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Why this year’s hurricane season could be ‘extremely active’; Dracula debuts at the NOLA ballet

A Hurricane Evacuation Route sign on N. Broad St. in New Orleans.
Carly Berlin
A Hurricane Evacuation Route sign on N. Broad St. in New Orleans.

Extremely active. Those are the words used by scientists to describe forecasts for the 2024 hurricane season. Researchers at Colorado State University estimate that this year’s Atlantic season could see 23 named storms, the highest on record. Other forecasts also predict high numbers of storms.

To help us better understand why forecasts are so high, we’re joined by Jay Grymes, Louisiana’s interim state climatologist and meteorologist at WAFB in Baton Rouge.

Climate change is affecting all of our lives, but it’s also affecting the dead. Louisiana has been dealing with flooded cemeteries and caskets washing away for decades.

But the problem is only getting worse and more widespread. Many other states are now grappling with hurricanes, flooding, mudslides and other natural disasters that are destroying cemeteries.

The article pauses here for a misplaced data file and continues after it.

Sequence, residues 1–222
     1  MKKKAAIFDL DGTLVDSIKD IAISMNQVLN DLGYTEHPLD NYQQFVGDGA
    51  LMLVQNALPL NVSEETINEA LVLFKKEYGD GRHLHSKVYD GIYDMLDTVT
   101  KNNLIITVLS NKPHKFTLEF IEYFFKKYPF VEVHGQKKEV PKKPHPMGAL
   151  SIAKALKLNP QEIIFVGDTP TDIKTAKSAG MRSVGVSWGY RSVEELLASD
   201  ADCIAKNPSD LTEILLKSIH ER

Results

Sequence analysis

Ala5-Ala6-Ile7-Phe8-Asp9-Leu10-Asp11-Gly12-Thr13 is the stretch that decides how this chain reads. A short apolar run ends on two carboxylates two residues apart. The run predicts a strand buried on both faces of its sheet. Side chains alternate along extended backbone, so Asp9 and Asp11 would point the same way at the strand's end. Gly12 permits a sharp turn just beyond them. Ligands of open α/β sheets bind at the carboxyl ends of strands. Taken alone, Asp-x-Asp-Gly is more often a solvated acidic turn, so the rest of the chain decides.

And some are looking to Louisiana for help. Eva Tesfaye, reporter with the Coastal Desk reports in collaboration with Science Friday.

New Orleans Ballet Theatre presents a world premiere of Dracula as it closes its 2024 season.

This new ballet, a reimagined presentation inspired by Bram Stoker’s classic vampire tale, is a dance created by resident choreographer Oliver Halkowich who joins the show to discuss the performance.

Today’s episode of Louisiana Considered was hosted by Matt Bloom. Our managing producer is Alana Schrieber. Matt Bloom and Aubry Procell are assistant producers. Our engineer is Garrett Pittman.

You can listen to Louisiana Considered Monday through Friday at 12 and 7 p.m. It’s available on Spotify, Google Play and wherever you get your podcasts.

Louisiana Considered wants to hear from you! Please fill out ourpitch line to let us know what kinds of story ideas you have for our show. And while you’re at it, fill out ourlistener survey! We want to keep bringing you the kinds of conversations you’d like to listen to.

Louisiana Considered is made possible with support from our listeners. Thank you!

"This is NPR's Morning Edition, at 89.9 WWNO. Good Morning, I'm Diane Mack."